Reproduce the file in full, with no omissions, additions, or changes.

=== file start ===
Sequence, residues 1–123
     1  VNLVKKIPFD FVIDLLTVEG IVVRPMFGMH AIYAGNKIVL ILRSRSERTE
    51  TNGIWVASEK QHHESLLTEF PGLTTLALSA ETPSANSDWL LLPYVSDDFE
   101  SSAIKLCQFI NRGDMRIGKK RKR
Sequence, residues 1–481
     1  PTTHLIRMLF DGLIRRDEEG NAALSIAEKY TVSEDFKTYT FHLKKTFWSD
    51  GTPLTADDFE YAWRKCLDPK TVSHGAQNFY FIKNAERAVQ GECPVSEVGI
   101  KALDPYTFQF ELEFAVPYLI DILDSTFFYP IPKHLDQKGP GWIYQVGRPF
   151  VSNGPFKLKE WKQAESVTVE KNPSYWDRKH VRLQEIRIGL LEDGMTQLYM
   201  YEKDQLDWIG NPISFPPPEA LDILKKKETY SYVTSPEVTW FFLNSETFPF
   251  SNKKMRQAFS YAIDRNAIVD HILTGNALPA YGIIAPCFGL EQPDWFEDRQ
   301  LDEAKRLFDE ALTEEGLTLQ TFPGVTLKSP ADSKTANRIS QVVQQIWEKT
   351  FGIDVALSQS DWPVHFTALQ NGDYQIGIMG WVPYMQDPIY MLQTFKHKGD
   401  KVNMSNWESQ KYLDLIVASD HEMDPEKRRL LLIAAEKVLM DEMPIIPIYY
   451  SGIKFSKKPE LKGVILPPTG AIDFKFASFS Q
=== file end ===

Sequence, residues 1–123
     1  VNLVKKIPFD FVIDLLTVEG IVVRPMFGMH AIYAGNKIVL ILRSRSERTE
    51  TNGIWVASEK QHHESLLTEF PGLTTLALSA ETPSANSDWL LLPYVSDDFE
   101  SSAIKLCQFI NRGDMRIGKK RKR
Sequence, residues 1–481
     1  PTTHLIRMLF DGLIRRDEEG NAALSIAEKY TVSEDFKTYT FHLKKTFWSD
    51  GTPLTADDFE YAWRKCLDPK TVSHGAQNFY FIKNAERAVQ GECPVSEVGI
   101  KALDPYTFQF ELEFAVPYLI DILDSTFFYP IPKHLDQKGP GWIYQVGRPF
   151  VSNGPFKLKE WKQAESVTVE KNPSYWDRKH VRLQEIRIGL LEDGMTQLYM
   201  YEKDQLDWIG NPISFPPPEA LDILKKKETY SYVTSPEVTW FFLNSETFPF
   251  SNKKMRQAFS YAIDRNAIVD HILTGNALPA YGIIAPCFGL EQPDWFEDRQ
   301  LDEAKRLFDE ALTEEGLTLQ TFPGVTLKSP ADSKTANRIS QVVQQIWEKT
   351  FGIDVALSQS DWPVHFTALQ NGDYQIGIMG WVPYMQDPIY MLQTFKHKGD
   401  KVNMSNWESQ KYLDLIVASD HEMDPEKRRL LLIAAEKVLM DEMPIIPIYY
   451  SGIKFSKKPE LKGVILPPTG AIDFKFASFS Q